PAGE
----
Overheard at Bed Bath and Beyond, near some Christmasy figurines: "Oh, this one looks like Santa threw up! Isn't it cute?"

Christmas is in ONE WEEK. Yikes!!
Wednesday, December 12, 2007
Your tax dollars at work!
Yesterday, H.R. 847 passed the U.S. House with an overwhelming majority. What is H.R. 847? It's the "Yay Christianity!!" bill! It has no purpose or legal bite, so therefore it's not technically unconstitutional, but boy oh boy is it leaning into the gray area. Jesus Christ, people, we GET it: Christians win. You are in charge, you run everything, you invented Christmas and Western Civilization, you're Good People, hooray for you. But why is my constitutionally secular government wasting its time and resources to remind us that Christianity is Awesome? Of course hardly anyone voted against it; even the most strident atheist or Jew or any other non-Christian-theist is generally unwilling to take a public stand that brands them as an intolerant bigot who hates kittens and holidays. It would be downright unchristian.

For the record, Rep. Emanuel, I am very disappointed in you.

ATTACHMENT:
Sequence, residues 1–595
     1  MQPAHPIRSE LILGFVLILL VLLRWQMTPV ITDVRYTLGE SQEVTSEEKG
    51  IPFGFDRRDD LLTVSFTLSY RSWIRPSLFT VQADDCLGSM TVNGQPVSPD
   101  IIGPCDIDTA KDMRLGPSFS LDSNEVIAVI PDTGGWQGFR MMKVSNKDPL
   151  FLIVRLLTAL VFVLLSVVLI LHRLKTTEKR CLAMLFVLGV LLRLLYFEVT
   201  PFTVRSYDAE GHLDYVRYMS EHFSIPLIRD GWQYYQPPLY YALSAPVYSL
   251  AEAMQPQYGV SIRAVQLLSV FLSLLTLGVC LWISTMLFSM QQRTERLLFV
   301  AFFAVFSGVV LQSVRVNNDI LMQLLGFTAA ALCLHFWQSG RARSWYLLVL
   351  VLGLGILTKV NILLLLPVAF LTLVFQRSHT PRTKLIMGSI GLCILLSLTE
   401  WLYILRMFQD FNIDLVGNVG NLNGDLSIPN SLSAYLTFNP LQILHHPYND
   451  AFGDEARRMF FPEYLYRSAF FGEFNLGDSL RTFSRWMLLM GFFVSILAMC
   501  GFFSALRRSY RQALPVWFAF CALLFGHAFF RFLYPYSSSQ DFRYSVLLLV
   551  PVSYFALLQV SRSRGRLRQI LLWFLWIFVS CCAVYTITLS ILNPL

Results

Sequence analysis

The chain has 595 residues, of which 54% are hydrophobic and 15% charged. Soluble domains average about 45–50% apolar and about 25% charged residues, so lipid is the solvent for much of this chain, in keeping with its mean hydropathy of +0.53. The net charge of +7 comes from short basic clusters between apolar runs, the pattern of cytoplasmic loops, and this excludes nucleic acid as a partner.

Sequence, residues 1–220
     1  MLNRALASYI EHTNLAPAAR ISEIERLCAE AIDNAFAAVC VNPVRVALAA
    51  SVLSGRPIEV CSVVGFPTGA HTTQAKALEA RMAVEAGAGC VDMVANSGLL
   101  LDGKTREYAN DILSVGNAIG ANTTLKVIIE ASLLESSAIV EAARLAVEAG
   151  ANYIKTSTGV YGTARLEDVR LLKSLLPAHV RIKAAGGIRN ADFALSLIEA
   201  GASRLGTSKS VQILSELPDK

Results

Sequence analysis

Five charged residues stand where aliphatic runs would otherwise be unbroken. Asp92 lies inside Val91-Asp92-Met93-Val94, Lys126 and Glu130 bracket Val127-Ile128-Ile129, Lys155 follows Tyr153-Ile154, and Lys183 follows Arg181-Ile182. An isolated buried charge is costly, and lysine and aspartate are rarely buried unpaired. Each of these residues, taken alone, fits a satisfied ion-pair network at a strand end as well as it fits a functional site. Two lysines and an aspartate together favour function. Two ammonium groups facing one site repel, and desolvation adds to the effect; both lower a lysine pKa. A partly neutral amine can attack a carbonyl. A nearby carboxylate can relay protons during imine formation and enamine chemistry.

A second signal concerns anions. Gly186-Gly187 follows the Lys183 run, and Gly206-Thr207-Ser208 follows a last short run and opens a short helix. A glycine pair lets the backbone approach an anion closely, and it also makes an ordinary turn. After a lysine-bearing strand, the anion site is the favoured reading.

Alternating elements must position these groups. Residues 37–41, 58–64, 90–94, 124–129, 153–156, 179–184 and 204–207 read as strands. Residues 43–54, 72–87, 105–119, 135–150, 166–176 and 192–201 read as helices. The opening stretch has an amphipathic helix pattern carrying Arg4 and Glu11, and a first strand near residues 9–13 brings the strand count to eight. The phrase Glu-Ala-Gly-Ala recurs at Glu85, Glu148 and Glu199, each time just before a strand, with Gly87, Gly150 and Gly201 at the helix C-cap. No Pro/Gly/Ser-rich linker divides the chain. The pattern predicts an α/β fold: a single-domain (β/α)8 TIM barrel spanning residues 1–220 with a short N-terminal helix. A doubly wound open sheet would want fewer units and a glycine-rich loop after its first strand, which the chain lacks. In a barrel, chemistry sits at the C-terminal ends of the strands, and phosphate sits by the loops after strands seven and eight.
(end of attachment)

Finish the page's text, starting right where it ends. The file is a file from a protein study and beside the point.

Cuteness part two
Daily Coyote - a photoblog about a woman, a cat, and a coyote. Warning: may tempt you into quitting your job, hopping on a Vespa, and moving to Wyoming.
Tuesday, December 11, 2007
You will die from the cuteness
First known footage of wild long-eared gerboas
This article has lots of great footage of one of the cutest animals you will ever see, plus an extraordinary story of how conservation is done. Marvel at the dedication of a few individuals who must rely on donations and broken down vans in order to do their work. Even more amazing, marvel at how little is known about the Gobi desert and its native inhabitants. Just when you think the scientists and naturalists have uniformly covered the planet with monographs and YouTube videos, it is revealed that there are wide swaths about which we barely know anything at all.

Monday, December 10, 2007
"I have a Wikipedia knowledge of physics." This from a young woman who was bothered by the thought that she may not be sufficiently cerebral to appreciate Jonathan Coulton's music. Also, she reminded her friend that she does have nerd cred, being a level 4 female dwarf and all.
(and if you follow the link and look at the crowd picture in the Dec. 9 entry, bottom right corner... guess who?) ;)
Thursday, December 06, 2007
December 6 is the National Day of Remembrance and Action on Violence Against Women in Canada. It commemorates the École Polytechnique Massacre in 1989, when 14 women were murdered by a bitter psychopath because they were women and were getting an education. Every year on this day, the director of UIC's Women in Science and Education program sends an email to remind us of the event: "The path you walk today was blazed by many brave women and men before you. Keep on moving forward."